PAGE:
Republican Senate candidate John James reacts to learning he and his wife, Elizabeth, are expecting a boy at a primary night election party in Detroit on Aug. 7. (Paul Sancya/AP)

So far, the most furious congressional rivalry of the 2020 election cycle might not be between two candidates but instead between two Republican campaign committees.

The top GOP groups charged with respectively electing members of the Senate and the House are locked in a derby to woo John James, the 37-year-old Michigan businessman who mounted a surprisingly strong 2018 challenge to Democratic Sen. Debbie Stabenow and is pondering his next political move.

Will he mount another Senate run in 2020, challenging Democrat Gary Peters and delighting the National Republican Senatorial Committee? Or will he instead launch a House race against freshman Rep. Haley Stevens in the Detroit suburbs, pleasing the National Republican Congressional Committee?

The latest move to convince James — and the one man who could play an outsize role in his decision, President Trump — comes from the NRSC. In a memo obtained by The Washington Post, the group lays out the case that a statewide run by James could actually help Trump get elected by getting Republican voters in Detroit and its suburbs to the polls in a crucial swing state.

The memo appears to seek to quiet doubts about a second Senate run for James, including whispers — aired in a Politico story this week — that James running statewide could actually imperil Trump by driving up Democratic spending in the state.

“The president and John James can be like thunder and lightning,” an NRSC official said. “The president blows out northern Michigan by an unprecedented margin — he crushes it. And John James, his bread and butter is the south.” With the tag team, the official said, “they help each other. It presents itself plain as day in the numbers.”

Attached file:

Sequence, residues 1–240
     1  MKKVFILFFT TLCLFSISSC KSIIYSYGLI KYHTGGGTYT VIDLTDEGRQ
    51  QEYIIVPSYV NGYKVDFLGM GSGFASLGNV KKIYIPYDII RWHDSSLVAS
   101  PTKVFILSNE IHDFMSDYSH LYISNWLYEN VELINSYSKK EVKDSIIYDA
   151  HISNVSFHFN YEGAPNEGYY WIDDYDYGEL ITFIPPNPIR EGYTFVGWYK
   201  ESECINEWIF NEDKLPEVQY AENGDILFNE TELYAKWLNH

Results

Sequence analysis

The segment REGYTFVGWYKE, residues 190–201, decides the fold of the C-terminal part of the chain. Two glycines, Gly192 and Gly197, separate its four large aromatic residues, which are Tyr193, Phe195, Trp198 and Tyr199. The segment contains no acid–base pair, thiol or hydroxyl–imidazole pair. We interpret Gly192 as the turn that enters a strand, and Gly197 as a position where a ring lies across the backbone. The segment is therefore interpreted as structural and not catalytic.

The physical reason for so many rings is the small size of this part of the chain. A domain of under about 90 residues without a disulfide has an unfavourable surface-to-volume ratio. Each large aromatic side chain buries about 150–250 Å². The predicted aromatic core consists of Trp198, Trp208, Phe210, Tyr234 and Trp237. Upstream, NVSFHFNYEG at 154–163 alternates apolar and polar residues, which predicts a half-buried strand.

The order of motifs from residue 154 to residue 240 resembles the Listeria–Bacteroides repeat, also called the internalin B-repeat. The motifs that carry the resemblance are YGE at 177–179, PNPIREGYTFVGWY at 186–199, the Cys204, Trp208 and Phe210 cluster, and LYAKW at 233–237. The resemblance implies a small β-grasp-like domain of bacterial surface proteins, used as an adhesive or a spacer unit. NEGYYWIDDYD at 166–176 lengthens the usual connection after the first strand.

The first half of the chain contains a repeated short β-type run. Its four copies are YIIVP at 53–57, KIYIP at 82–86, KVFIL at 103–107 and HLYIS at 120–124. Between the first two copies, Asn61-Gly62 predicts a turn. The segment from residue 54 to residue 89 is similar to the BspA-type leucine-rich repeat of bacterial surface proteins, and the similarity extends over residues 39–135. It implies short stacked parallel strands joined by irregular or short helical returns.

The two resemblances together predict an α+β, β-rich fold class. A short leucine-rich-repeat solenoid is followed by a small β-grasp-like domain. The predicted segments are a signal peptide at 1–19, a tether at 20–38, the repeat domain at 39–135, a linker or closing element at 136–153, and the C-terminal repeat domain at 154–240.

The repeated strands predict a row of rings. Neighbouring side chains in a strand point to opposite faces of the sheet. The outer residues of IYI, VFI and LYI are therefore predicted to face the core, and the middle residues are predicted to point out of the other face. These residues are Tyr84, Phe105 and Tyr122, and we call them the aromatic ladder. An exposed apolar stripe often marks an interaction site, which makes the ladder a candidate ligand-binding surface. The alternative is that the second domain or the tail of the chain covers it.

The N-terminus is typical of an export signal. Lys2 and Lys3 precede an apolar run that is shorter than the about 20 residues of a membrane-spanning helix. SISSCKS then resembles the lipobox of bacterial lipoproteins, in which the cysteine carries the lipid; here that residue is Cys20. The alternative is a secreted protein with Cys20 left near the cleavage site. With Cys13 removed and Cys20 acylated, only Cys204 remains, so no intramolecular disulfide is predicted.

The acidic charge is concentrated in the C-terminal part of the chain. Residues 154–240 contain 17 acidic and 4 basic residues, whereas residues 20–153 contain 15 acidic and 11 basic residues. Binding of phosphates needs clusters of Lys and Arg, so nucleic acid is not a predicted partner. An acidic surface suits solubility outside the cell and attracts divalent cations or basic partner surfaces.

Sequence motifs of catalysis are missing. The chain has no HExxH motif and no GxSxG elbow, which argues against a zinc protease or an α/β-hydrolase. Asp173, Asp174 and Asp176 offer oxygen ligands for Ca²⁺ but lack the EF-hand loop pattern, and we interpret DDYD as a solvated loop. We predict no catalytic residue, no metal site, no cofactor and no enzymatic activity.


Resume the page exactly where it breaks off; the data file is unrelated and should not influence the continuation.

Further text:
The memo contains no methodological information on the polling, but it asserts that James is “in a statistical dead heat” with Peters, who is not especially well-known among Michigan voters. The memo notes that James performs unusually well for a Republican in Wayne County, where Detroit is located, cutting into the heavy Democratic advantage there, and enjoys a 27-point net favorable impression among voters in the suburban collar counties. Meanwhile, voters in those counties are evenly split on Trump, while Peters enjoys only a three-point net positive favorability.

The document also notes that James outperformed 2018 GOP gubernatorial nominee Bill Schuette by nearly 80,000 votes, making the Senate race three points tighter than the race for governor. It also notes that James won nearly 650,000 more votes last year than Peters’s last Republican opponent, Terry Lynn Land, won in 2014.

Still, recent public polls show Trump trailing several possible Democratic nominees, and there is the distinct possibility that, come November 2020, Trump’s unpopularity creates head winds James might not be able to overcome. But Republicans, according to the NRSC official, are urging James to look at the 2016 results, where GOP Senate candidates outperformed Trump in each of the eight most competitive battleground states with both offices on the ballot.

Whether this will sway James is unclear. He did not reply to messages left Tuesday at his business, Renaissance Global Logistics.

But in recent months James has consulted with both Sen. Todd C. Young (R-Ind.), the NRSC chairman, and Rep. Tom Emmer (R-Minn.), the NRCC chairman — as well as Trump himself, according to Republican officials. He is reportedly also under consideration as a possible Trump nominee to be United Nations ambassador, filling the vacancy created by Nikki Haley’s departure last year.

The NRSC and other Republican strategists view James as their clear top recruit in Michigan, one of only a small handful of states where the party has a credible opportunity to oust a sitting Democrat.

House recruiters, meanwhile, are counting on James paying attention to a different set of numbers: A recent internal Republican poll shows James beating Stevens, according to a GOP official. But there’s a catch: With Michigan’s congressional lines in flux thanks to a recent federal court ruling, it’s unclear just what electorate he might face in a 2020 House race.

“He’s a great talent, and wherever he runs, he will be an asset for Republicans,” said NRCC spokesman Chris Pack.